Journal of Happiness Studies

, Volume 14, Issue 1, pp 293–308 | Cite as

Life Satisfaction and the Self: Structure, Content, and Function

  • Warren A. ReichEmail author
  • Ellen M. Kessel
  • Frank J. Bernieri
Research Paper


Seventy-nine participants rated their involvement and satisfaction with time spent in each of 14 roles (e.g., me as a student), as well as overall life satisfaction. They also described themselves in each of these roles, as well as five general self-conceptions (e.g., ideal self), by repeatedly selecting from a list of traits. Each participant’s set of self descriptions was idiographically modeled using hierarchical classes analysis, from which three indices were coded: trait overlap between actual, usual, ideal, ought, and future selves (self-ideal congruence), trait overlap between each of the 14 roles and actual and usual selves (self-role congruence), and dispersion of negative traits across self-aspects (negative elaboration). Within-person correlations were computed as a measure of satisfaction with time spent in self-congruent roles (TSR). Self-ideal congruence, negative elaboration, and TSR each independently accounted for variance in life satisfaction. For all 14 roles, self-role congruence was correlated with involvement in the target role. Self-ideal congruence and negative elaboration were not highly correlated with role involvement, and self-role congruence was not a robust predictor of life satisfaction. Role-based self-aspects might contribute to life satisfaction to the extent they are enacted according to one’s wishes and are congruent with the more general, actual self.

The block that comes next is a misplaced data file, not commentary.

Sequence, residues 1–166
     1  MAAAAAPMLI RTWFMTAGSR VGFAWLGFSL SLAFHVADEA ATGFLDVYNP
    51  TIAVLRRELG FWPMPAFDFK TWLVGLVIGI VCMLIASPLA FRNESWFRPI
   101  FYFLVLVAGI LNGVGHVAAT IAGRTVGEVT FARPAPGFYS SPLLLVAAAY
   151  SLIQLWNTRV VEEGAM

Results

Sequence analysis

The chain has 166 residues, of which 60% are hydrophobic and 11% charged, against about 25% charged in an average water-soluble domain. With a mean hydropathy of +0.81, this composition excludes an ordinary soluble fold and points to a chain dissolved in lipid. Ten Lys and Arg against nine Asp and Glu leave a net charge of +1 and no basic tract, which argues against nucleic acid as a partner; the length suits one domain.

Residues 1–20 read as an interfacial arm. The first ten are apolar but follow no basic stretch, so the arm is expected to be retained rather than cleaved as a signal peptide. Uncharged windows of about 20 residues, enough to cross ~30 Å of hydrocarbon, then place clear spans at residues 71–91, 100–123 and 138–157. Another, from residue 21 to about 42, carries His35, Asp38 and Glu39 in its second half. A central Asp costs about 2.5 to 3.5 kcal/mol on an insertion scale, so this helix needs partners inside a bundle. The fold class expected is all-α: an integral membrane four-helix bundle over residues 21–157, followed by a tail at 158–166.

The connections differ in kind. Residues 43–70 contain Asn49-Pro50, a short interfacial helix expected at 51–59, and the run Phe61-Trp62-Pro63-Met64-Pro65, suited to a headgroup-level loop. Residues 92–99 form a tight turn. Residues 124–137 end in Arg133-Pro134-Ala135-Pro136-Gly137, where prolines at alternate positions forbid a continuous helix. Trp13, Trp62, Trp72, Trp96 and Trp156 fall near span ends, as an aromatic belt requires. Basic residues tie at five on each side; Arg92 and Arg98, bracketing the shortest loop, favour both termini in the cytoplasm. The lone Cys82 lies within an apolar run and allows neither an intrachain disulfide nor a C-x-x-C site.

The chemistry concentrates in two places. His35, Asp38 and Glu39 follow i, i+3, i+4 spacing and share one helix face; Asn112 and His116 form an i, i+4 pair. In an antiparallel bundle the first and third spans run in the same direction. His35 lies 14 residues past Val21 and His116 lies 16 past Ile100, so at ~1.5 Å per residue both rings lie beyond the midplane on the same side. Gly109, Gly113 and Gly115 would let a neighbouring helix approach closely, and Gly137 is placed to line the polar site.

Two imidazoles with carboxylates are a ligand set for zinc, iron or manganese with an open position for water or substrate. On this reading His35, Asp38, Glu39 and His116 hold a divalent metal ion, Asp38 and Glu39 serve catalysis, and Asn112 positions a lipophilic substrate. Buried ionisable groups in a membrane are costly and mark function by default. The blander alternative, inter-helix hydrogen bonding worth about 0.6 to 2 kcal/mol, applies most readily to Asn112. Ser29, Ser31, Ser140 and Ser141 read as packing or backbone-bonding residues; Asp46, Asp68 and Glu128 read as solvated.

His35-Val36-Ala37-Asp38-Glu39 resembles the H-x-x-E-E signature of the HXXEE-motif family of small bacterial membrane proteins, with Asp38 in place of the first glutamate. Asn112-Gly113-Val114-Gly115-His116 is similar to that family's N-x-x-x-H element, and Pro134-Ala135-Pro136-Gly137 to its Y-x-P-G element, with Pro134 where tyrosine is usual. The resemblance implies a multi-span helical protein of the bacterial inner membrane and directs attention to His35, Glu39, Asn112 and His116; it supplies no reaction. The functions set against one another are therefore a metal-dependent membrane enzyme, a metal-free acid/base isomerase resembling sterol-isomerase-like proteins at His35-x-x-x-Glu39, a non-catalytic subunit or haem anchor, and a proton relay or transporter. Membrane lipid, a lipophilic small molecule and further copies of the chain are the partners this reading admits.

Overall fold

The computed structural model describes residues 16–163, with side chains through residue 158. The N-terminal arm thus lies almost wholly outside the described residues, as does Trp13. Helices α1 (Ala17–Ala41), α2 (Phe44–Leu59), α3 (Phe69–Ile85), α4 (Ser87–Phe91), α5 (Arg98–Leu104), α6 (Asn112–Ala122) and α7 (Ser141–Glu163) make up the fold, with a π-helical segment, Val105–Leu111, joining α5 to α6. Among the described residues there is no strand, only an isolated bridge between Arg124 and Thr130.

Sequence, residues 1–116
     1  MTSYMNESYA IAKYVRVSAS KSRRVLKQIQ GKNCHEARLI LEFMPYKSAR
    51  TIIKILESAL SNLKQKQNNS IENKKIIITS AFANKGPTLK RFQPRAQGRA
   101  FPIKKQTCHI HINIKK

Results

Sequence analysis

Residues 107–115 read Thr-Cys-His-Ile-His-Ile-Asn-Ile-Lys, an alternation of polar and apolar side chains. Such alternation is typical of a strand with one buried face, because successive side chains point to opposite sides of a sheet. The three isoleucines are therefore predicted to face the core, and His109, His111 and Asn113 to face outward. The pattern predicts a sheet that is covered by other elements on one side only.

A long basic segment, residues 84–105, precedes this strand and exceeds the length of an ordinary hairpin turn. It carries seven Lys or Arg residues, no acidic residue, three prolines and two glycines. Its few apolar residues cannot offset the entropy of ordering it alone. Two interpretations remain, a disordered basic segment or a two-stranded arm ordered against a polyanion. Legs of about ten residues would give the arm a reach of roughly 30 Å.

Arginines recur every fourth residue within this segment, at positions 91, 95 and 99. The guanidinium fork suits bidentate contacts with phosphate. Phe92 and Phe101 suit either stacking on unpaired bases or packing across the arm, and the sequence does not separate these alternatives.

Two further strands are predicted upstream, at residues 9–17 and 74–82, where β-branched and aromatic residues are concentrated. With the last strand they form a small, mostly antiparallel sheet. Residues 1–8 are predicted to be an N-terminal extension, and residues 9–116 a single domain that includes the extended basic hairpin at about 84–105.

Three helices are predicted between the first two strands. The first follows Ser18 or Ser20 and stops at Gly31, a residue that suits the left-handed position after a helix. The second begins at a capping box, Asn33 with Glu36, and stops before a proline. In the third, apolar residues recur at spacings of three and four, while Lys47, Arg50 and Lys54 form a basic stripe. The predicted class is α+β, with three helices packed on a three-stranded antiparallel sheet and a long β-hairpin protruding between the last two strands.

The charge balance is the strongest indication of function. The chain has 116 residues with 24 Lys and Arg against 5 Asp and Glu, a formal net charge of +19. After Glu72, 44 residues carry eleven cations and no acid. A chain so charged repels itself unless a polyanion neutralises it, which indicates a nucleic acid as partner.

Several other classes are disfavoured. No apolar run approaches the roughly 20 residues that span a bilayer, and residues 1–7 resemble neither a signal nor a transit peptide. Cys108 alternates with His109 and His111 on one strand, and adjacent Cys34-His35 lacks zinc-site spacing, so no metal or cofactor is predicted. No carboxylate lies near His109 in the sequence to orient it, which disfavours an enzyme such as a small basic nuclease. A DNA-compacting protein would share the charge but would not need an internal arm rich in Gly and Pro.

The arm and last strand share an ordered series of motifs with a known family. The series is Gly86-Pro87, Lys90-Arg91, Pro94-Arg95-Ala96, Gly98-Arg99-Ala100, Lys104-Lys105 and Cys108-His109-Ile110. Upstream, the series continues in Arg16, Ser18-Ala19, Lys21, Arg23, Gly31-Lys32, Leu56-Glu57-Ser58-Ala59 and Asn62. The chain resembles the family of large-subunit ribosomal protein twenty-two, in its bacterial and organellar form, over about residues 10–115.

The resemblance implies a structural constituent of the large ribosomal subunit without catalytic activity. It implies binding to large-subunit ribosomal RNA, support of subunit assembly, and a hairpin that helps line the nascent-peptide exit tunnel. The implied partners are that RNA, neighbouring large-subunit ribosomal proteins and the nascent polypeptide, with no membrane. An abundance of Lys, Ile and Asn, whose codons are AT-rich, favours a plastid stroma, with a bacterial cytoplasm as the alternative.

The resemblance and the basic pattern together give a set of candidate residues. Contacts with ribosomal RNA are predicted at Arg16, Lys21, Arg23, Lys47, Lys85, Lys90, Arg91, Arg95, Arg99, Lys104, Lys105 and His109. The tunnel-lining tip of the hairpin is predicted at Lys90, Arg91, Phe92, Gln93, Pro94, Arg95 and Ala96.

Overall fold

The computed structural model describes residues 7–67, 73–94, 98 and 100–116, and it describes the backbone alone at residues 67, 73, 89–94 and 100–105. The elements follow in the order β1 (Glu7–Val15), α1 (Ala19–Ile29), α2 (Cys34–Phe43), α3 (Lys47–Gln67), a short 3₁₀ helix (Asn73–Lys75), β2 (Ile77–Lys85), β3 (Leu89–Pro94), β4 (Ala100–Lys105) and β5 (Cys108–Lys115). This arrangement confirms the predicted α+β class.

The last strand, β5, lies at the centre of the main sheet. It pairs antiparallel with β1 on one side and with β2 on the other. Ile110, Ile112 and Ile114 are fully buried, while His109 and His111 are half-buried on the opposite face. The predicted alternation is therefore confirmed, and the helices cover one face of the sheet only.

Life satisfaction Self congruence Negative elaboration HICLAS Self-complexity 



We wish to thank Rob Spengler for his assistance in data collection and Andrea Vial for her helpful comments on an earlier draft of this manuscript.


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Copyright information

© Springer Science+Business Media B.V. 2012

Authors and Affiliations

  • Warren A. Reich
    • 1
    Email author
  • Ellen M. Kessel
    • 1
  • Frank J. Bernieri
    • 2
  1. 1.Department of PsychologyHunter College, City University of New YorkNew YorkUSA
  2. 2.Department of PsychologyOregon State UniversityCorvallisUSA

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